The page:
Although he’s only 22 years old, Masungi is mature beyond his age. Yes, he has some unpleasant memories of the Congo, but he also feels a responsibility to give back to other Congolese youth so they no longer envision a bleak future. He wants to have his own engineering firm, set up educational exchange programs, and export infrastructure technologies back home.

“I want to give Congo students the opportunity to come to the U.S. and get that education. I don’t take being here for granted,” Masungi says.

Milady Nazir is a public affairs specialist at the University of Texas at San Antonio Office of University Communications and Marketing

Sunday, January 6, 2019

Wave energy converter successfully tested for powering oceanographic instrumentation

The Naval Facilities Engineering Command (NAVFAC) Engineering and Expeditionary Warfare Center (EXWC) has announced the most recent round of wave energy converter (WEC) testing at the U.S. Navy's Wave Energy Test Site (WETS) off Marine Corps Base Hawaii (MCBH), Kaneohe, Hawaii, on the Island of Oahu.   

In October 2018, the Applied Research Laboratory (ARL) at the University of Hawaii, with funding from NAVFAC, and in partnership with the University of Washington, Fred. Olsen, Ltd., and Sea Engineering, Inc., began the second round of testing of the Fred. Olsen (of Norway) BOLT Lifesaver WEC device. The device uses three power take-off (PTO) units that convert the motion of passing waves to electrical power by way of rotary electrical generators. Control and health-monitoring of these on-board systems is housed in the control center. The WEC is not connected to shore, and the power generated is stored in a battery bank.

This phase of Lifesaver testing at WETS has two primary aims: first, to improve device reliability and power performance, through alterations to the device mooring strategy, and second, to demonstrate an alternative means of powering oceanographic instrumentation without using utility-supplied electrical grid power or single-use batteries. The instrumentation, known as the Wave-powered Adaptable Monitoring Package (WAMP), is being tested on BOLT Lifesaver and was designed, assembled, and integrated with the WEC by the Pacific Marine Energy Center (PMEC), University of Washington, leveraging the capabilities of the Applied Physics Laboratory (a U.S. Navy University Affiliated Research Center) and the department of Mechanical Engineering. Receiving its power from the Lifesaver, the WAMP provides persistent underwater sensing, and supports unmanned, undersea vehicle (UUV) re-charge using a wireless power transfer system developed by Seattle startup Wibotic, Inc. The WAMP is the latest in a series of demonstrations of the core AMP technology and is being used in this application to better understand the marine environment around an operational WEC buoy.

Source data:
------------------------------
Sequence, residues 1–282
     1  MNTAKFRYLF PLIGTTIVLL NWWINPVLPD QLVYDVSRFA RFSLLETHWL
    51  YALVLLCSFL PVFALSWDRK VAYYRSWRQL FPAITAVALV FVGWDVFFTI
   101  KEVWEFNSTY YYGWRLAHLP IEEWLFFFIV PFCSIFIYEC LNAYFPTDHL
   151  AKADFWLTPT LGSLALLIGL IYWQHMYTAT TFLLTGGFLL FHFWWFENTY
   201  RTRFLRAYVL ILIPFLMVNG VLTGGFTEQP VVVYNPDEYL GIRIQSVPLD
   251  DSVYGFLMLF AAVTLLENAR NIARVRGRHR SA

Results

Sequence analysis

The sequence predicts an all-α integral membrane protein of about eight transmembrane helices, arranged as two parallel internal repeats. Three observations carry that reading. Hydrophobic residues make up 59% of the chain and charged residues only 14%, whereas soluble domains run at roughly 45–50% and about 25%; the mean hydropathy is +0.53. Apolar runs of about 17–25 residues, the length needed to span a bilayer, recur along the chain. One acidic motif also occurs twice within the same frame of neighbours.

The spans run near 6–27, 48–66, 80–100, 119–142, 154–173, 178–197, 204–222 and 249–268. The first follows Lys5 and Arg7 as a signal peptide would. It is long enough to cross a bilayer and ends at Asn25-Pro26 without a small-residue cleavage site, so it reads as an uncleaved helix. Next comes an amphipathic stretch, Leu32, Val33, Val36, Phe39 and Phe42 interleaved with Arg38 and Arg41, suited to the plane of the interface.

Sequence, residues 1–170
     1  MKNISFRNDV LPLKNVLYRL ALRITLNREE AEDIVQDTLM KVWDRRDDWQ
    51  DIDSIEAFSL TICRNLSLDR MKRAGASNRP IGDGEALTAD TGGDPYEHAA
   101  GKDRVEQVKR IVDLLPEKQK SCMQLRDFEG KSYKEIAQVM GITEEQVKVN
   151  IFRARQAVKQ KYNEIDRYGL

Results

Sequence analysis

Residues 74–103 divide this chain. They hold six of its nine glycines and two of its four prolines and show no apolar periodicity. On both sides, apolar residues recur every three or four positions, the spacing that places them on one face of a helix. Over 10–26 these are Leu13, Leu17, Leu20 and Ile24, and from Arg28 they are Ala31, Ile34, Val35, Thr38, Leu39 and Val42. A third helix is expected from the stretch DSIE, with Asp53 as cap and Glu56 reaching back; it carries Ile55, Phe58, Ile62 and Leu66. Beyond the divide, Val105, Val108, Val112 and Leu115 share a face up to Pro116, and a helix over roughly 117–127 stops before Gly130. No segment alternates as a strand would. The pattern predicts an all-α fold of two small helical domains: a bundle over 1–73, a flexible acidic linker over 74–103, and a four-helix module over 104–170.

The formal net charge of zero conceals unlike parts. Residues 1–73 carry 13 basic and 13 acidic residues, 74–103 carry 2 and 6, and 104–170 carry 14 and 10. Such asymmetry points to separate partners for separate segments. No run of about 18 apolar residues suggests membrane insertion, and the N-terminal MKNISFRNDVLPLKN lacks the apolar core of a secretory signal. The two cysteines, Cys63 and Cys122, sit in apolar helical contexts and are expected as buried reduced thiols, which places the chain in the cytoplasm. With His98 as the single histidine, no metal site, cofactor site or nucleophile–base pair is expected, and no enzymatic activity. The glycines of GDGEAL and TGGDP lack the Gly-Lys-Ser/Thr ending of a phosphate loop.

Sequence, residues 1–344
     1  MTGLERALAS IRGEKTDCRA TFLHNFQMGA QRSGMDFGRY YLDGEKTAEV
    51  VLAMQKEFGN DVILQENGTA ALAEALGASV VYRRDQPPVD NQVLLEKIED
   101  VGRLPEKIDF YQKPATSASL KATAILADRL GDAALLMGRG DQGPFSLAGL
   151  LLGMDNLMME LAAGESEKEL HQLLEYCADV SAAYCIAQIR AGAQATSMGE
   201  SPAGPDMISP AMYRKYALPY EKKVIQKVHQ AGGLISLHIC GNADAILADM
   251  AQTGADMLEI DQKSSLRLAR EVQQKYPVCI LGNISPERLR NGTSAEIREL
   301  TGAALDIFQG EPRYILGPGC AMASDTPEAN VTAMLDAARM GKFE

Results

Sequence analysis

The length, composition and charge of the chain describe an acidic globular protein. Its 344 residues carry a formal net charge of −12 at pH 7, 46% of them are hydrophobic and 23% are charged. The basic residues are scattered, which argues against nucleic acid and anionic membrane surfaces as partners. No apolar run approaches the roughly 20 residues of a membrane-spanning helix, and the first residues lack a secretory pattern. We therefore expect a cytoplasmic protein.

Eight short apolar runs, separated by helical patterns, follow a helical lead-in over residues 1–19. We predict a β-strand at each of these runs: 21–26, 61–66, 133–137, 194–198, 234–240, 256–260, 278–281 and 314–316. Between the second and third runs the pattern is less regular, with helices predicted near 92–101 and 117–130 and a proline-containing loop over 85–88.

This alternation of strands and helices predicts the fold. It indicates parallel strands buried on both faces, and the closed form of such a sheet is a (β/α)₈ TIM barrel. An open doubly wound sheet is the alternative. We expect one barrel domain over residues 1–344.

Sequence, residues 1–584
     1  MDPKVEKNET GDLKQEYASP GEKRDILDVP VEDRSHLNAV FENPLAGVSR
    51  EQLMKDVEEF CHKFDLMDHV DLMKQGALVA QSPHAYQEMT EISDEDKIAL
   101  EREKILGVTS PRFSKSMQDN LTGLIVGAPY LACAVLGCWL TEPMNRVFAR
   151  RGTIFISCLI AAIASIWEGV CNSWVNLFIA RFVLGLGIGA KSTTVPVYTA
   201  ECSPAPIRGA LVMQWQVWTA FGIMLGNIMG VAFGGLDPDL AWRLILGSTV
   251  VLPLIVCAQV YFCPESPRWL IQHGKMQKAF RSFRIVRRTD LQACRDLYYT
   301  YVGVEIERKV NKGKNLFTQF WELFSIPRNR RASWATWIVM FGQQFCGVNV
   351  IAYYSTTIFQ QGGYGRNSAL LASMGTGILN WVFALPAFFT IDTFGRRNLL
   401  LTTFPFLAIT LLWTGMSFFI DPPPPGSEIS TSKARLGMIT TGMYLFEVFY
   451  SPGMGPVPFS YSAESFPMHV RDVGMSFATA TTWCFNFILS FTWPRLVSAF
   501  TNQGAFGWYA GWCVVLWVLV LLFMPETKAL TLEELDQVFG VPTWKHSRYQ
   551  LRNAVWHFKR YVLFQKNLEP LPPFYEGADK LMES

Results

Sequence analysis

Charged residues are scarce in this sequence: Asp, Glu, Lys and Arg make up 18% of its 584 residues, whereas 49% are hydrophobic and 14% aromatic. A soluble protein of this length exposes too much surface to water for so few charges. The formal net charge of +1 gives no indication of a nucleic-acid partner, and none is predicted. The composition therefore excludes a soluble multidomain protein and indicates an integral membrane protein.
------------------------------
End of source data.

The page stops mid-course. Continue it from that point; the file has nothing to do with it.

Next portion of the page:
The joint Lifesaver-WAMP test is funded by NAVFAC, the U.S. Department of Energy (DOE), and the National Science Foundation. The overall effort is part of a larger joint U.S. Navy, DOE, academic (University of Hawaii, Hawaii Natural Energy Institute, and University of Washington PMEC), and industry research, development, test, and evaluation (RDT&E) project. This is the world's first demonstration of the potentially transformative capability for WECs to enable persistent oceanographic observation and UUV re-charge without a cable to shore.